LOS ANGELES (Reuters) - Southern California’s water wholesaler voted on Tuesday to cut its deliveries to cities and communities by 15 percent as the state clamps down on water usage amid a devastating four-year drought.
The Metropolitan Water District’s plan aims to put cities in the greater Los Angeles area in compliance with an order by Governor Jerry Brown to reduce water use by 25 percent, the first mandatory statewide reduction in California history.
Beginning in July, two-dozen member agencies will be fined up to four times their regular rates for demanding excess water. Those penalties will range from $1,480 to $2,960 per acre-foot of water.
The cutbacks are expected to last a year, with opportunities each month to amend the system. A formal reconsideration is scheduled for December, during the rainy season.
If Brown’s statewide plan succeeds, businesses and residents will use only three-quarters of the amount they used in 2013. The savings would amount to some 1.5 million acre-feet of water in the next nine months, just as the state snowpack is at its lowest level on record.
The Metropolitan Water District (MWD) has imposed its own restrictions only four times since 1977. The last instance was in 2008, when Southern California succeeded in reaching a 10 percent reduction goal. Officials are optimistic local agencies will again meet their targets.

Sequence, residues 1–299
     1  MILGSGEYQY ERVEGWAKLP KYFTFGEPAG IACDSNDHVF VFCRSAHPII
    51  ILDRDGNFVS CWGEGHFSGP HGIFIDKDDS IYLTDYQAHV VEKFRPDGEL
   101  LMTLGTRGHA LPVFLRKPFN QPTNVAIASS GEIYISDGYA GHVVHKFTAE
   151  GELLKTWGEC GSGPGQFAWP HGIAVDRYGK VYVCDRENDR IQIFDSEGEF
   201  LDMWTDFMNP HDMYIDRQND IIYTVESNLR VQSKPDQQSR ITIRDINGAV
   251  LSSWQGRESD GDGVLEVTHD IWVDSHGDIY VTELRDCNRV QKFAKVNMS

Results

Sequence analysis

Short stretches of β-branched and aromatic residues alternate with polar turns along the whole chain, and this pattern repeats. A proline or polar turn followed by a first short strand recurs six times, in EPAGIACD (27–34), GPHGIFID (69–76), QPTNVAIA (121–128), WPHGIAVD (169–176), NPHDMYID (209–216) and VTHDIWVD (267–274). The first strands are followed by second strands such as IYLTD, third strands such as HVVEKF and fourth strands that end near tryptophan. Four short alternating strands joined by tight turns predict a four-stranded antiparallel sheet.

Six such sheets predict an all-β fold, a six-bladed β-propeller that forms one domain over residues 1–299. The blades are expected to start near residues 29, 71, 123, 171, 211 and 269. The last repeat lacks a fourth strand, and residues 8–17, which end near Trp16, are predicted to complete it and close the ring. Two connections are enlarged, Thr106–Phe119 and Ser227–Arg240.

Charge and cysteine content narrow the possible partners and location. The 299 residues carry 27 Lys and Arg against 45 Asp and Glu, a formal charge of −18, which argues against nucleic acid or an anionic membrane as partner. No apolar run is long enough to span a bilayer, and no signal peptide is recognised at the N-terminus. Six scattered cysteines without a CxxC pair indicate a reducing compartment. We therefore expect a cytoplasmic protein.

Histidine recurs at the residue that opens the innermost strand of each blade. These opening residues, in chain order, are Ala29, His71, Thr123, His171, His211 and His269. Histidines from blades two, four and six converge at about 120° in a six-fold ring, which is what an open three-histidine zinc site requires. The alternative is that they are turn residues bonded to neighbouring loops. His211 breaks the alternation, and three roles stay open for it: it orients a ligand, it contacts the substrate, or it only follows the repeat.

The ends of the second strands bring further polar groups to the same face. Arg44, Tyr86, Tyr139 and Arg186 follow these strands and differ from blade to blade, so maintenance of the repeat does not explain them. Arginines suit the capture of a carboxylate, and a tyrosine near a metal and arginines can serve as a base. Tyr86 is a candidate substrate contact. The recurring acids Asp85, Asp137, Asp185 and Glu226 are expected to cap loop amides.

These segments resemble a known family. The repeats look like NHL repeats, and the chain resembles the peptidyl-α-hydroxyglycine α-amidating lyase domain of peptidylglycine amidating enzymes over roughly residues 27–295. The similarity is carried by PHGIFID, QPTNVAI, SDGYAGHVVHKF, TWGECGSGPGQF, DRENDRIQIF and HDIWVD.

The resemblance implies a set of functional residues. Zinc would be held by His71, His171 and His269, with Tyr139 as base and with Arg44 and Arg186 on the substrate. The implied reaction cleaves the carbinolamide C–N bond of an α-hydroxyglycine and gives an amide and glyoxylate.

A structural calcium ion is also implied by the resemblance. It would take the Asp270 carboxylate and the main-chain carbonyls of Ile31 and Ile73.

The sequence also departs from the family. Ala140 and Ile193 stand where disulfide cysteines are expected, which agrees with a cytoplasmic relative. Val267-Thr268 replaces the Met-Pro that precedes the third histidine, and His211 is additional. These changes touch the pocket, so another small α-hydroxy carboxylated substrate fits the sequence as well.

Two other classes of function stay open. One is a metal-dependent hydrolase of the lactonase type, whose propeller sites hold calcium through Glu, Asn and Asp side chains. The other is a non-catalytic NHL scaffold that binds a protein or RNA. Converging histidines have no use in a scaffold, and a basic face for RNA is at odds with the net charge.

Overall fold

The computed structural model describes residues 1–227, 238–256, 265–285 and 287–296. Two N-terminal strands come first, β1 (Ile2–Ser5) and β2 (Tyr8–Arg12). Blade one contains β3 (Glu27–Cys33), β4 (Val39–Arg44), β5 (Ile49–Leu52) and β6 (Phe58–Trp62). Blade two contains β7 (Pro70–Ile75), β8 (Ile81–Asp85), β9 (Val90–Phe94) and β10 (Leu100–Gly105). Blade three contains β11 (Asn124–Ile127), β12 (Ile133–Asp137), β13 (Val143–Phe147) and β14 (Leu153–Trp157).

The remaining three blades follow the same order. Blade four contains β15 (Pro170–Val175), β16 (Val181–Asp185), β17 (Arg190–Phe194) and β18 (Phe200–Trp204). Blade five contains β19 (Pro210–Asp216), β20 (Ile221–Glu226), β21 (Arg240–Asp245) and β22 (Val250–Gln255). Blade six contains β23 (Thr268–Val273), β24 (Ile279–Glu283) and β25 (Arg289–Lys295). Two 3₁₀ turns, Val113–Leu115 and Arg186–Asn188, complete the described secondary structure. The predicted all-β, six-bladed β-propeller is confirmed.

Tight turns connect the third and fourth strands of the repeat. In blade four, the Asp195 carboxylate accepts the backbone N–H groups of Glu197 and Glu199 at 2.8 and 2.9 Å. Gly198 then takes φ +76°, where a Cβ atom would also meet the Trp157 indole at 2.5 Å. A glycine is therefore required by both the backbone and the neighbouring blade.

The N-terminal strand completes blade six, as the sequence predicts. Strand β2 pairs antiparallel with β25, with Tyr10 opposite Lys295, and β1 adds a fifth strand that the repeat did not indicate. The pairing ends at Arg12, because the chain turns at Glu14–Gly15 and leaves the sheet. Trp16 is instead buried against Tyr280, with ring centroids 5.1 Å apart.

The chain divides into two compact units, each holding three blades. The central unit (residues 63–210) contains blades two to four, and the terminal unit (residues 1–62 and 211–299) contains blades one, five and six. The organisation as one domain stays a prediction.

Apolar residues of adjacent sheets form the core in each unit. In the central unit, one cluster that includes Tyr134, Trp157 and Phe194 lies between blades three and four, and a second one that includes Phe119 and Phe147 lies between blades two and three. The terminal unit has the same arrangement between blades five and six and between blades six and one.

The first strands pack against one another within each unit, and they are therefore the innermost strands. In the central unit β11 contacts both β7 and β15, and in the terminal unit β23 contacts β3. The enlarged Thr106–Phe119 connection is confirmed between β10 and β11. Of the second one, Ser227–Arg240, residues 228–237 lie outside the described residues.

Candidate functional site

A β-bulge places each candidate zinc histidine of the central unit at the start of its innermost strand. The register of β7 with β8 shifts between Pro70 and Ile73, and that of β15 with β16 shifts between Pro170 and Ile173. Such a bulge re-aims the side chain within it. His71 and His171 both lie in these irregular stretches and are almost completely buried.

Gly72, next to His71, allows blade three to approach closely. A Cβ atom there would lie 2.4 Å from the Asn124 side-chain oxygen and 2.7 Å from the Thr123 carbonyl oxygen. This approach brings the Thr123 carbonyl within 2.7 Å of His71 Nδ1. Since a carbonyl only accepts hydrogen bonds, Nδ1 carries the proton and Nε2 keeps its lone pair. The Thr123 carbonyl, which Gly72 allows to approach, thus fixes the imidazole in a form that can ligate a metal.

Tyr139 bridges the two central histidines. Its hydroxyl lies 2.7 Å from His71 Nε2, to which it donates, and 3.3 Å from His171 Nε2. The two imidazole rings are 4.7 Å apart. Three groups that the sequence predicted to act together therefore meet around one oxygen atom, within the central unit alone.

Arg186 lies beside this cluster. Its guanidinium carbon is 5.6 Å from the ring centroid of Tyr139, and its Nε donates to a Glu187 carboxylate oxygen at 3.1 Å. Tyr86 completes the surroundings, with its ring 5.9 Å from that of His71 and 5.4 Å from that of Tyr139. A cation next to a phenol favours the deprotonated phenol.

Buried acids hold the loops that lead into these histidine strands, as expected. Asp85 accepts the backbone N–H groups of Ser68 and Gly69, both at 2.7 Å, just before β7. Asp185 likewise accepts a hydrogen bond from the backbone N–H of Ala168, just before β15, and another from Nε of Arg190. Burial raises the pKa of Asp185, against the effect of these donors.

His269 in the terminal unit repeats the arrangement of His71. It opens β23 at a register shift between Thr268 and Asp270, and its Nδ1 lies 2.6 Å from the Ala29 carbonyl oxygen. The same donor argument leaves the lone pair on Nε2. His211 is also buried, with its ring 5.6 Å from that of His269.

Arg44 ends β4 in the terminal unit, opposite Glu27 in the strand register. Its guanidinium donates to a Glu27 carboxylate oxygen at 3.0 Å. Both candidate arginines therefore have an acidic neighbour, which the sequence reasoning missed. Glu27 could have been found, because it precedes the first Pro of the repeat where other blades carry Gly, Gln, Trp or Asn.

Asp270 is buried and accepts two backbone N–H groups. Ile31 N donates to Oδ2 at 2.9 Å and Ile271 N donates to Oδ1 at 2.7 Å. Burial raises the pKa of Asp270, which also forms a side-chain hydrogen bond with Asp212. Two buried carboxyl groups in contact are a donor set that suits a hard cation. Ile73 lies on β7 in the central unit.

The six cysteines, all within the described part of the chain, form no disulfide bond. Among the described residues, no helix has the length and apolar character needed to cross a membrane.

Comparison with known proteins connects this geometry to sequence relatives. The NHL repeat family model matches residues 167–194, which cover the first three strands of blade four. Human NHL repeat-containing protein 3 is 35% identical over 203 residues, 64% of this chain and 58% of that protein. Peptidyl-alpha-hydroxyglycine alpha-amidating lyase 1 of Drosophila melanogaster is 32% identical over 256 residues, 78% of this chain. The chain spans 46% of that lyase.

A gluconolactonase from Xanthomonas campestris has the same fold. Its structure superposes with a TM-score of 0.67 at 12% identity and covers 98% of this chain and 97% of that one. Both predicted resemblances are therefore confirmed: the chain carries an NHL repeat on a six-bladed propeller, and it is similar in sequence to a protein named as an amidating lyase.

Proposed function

“I have a lot of faith that Southern Californians will rally toward this,” MWD General Manager Jeffrey Kightlinger said, adding, “It’s not time to panic.”
Some board members had pushed for a higher cutback rate of 20 percent – a difference of 100,000 acre-feet, or 326,000 gallons (1.2 million liters). Just one acre-foot can provide for two average households a year.
“We’re spending down our savings account and hoping to win the lottery to pay it back,” board member Judy Abdo, who represents Santa Monica, said at Tuesday’s meeting.
But the agency voted for the lower amount, deeming it a manageable target. The current plan will conserve about 300,000 acre-feet of water.
Kightlinger said the water supply drop combined with incentives to conserve – such as rebates to rip out thirsty lawns – will help Southern California reach its state target of a 25 percent cutback.
It will be up to retailers to decide if they need to hike consumer rates to discourage use and deflect penalties, officials added.
Reporting by Daina Beth Solomon; Editing by Dan Whitcomb and Eric Beech